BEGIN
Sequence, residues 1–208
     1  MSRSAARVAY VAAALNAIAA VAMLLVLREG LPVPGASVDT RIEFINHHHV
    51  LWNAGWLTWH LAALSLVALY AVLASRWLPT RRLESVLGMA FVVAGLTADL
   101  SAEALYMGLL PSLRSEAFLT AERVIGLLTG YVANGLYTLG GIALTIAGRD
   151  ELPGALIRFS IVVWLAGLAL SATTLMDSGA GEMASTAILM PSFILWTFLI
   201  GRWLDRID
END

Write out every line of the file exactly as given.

Sequence, residues 1–208
     1  MSRSAARVAY VAAALNAIAA VAMLLVLREG LPVPGASVDT RIEFINHHHV
    51  LWNAGWLTWH LAALSLVALY AVLASRWLPT RRLESVLGMA FVVAGLTADL
   101  SAEALYMGLL PSLRSEAFLT AERVIGLLTG YVANGLYTLG GIALTIAGRD
   151  ELPGALIRFS IVVWLAGLAL SATTLMDSGA GEMASTAILM PSFILWTFLI
   201  GRWLDRID